|Project Rationale and Linkage to Country/Regional Strategy
In Bangladesh, rural infrastructure has considerably improve, enhancing the quality of life of rural people. Better rural infrastructure has fostered balanced development of rural economies through mutually reinformcing growth in the farm and non-farm sectors. The mobility of the rural poor has increase, and many are now availing themeselves of health, education, and nongovernment services, as well as a wide range of economic opportunities.
Empirical studies confirm that rural infrastructure development in Bangladesh has helped spur economic growth and reduce poverty. Recent experience has shown that better rural
infrastructure leads to higher mobility of the rural poor and their farm products. It allows the poor greater access to providers of services, such as health and education, and to off-farm jobs. Rural infrastructure development also helps reduce rural poverty in the following ways: (i) effective road connectivity allows easier movement of labor; (ii) cost-effective transport of produce helps farmers realize higher farm gate prices; (iii) additional traffic volume gives rise to transport-related small businesses, such as service stations, repair shops, food stalls, and guesthouses; (iv) construction of project facilities and after-construction maintenance directly generate jobs for the poor; and (v) poor women have greater access to economic opportunities and new jobs.
A study found that rural road investments in Bangladesh cut poverty significantly through increased agricultural production, higher wages, lower input and transportation costs, better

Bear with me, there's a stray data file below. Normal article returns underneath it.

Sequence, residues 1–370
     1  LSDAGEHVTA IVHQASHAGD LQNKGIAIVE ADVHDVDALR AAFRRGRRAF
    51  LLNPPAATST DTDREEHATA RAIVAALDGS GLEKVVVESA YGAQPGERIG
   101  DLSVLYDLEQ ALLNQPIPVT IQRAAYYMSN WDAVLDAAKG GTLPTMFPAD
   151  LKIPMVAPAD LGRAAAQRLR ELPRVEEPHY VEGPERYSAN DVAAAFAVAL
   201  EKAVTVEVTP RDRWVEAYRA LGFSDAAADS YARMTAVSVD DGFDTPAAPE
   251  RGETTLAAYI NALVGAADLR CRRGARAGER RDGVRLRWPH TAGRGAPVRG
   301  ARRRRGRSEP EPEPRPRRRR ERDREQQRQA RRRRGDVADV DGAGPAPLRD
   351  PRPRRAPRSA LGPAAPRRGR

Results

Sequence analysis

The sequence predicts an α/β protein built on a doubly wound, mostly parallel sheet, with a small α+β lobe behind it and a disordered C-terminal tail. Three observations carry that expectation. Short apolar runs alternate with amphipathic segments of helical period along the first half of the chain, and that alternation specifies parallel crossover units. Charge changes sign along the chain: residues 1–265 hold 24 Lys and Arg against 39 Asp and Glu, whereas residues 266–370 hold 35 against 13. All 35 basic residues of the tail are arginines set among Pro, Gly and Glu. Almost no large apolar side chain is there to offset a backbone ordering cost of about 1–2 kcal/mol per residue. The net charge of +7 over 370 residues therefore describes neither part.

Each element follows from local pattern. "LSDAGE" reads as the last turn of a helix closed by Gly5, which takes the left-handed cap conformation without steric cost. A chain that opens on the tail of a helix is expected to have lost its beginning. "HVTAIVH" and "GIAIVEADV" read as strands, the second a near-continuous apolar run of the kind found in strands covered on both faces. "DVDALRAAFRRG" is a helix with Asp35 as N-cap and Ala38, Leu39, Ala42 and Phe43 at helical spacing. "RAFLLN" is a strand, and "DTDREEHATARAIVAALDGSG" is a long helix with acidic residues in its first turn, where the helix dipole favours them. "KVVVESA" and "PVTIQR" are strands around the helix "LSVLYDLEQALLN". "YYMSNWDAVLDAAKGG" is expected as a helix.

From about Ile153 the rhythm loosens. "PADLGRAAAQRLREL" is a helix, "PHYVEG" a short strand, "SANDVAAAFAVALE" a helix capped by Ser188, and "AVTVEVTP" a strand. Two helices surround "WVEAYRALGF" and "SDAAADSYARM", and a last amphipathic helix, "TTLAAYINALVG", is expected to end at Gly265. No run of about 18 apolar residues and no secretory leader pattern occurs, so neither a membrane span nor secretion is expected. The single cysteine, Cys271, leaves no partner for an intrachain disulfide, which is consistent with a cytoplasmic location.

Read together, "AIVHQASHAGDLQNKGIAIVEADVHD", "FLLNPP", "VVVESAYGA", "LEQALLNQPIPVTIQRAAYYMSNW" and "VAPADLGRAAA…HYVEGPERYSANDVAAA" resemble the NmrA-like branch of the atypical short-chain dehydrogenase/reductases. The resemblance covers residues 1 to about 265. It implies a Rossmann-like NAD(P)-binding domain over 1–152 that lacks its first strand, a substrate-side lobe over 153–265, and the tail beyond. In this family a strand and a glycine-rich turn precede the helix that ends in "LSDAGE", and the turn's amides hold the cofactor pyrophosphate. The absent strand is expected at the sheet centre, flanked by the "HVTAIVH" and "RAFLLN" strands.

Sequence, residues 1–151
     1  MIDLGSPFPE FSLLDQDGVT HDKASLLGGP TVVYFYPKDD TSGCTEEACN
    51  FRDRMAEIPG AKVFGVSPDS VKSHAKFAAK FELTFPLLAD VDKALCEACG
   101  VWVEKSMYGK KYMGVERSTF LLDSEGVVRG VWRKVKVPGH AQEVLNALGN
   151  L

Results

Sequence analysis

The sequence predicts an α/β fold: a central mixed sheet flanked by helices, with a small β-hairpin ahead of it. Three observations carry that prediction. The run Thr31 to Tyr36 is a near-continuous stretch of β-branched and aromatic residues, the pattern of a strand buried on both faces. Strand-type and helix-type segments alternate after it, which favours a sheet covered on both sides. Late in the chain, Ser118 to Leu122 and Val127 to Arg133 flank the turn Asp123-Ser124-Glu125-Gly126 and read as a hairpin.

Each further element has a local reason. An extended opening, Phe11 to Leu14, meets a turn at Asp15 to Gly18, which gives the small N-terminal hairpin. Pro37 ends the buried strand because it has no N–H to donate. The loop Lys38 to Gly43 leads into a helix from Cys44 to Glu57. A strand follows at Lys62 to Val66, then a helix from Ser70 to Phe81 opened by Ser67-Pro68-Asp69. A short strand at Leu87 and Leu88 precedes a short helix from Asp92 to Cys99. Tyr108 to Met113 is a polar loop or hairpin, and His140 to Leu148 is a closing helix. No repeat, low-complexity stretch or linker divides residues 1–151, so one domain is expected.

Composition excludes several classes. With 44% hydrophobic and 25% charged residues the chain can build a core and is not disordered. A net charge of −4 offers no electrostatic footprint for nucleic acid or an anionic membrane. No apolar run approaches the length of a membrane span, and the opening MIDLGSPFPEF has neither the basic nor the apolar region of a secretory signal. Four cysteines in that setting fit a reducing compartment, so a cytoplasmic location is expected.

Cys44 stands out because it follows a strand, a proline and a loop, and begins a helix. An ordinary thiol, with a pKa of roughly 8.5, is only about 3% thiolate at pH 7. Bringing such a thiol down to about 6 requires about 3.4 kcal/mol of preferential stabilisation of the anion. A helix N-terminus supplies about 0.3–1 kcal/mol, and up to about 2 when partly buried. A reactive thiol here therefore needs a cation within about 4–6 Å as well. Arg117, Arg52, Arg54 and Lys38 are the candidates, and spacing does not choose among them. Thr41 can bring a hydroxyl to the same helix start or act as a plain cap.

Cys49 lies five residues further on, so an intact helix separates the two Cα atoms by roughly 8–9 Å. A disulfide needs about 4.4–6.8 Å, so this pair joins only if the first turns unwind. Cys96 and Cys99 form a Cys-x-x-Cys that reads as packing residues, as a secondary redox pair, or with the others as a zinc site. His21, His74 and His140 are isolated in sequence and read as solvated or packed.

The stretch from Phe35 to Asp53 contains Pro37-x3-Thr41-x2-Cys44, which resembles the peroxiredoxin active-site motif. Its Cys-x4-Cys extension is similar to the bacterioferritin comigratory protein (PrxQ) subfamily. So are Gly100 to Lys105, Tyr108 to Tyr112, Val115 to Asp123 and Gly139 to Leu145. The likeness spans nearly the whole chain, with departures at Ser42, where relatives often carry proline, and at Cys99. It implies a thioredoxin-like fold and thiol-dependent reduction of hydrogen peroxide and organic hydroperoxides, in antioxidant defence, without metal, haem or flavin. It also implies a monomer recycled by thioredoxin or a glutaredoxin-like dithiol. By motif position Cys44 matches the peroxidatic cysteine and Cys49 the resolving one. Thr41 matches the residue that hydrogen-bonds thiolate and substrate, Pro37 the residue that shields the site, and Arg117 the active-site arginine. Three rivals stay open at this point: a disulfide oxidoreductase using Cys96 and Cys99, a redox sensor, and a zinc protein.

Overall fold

educational attainment, and higher output prices.3 Savings in household transport expenses averaged 36% 38%. It also increased output indexes by 30% 38%, road improvements
increased men's agricultural wages by 27%, reduced fertilizer prices by about 5%, and raised aggregate crop price indexes by about 4%. Overall poverty incidence fell by about 1 percentage point, solely because of rural road improvements. A 1994 study showed that, in the catchment area of improved facilities, transport charges dropped by 19% for cargo and 23% for passengers, while the volume traded in those markets doubled.4 Motorized traffic grew by 135% and other traffic increased by 85% after the roads were widened and paved. Another study on the impact of rural infrastructure development in Bangladesh found that accessible transportation facilities had raised incomes of the poor profoundly.
Rural infrastructure development continues to be a high priority for the Government of Bangladesh as it aims to improve the quality of life of rural people. The framework for
investment in rural infrastructure includes (i) developing all-weather upazila (administrative unitsubdivision of a district) roads to provide access to and from growth center markets (GCMs), (ii) improving union and village roads to provide rural people better access to markets and social services, and (iii) improving the infrastructure of GCMs to make trading more efficient. In the National Strategy for Accelerated Poverty Reduction II, the government emphasizes rural infrastructure development with a focus on road connectivity.6 The goal is to link growth centers, union parishad (local government institution) headquarters, upazila headquarters, and social service institutions such as schools and hospitals with the road networks.
The Asian Development Bank (ADB) supports inclusive economic growth and poverty reduction in Bangladesh through the strategic priorities identified in the country strategy and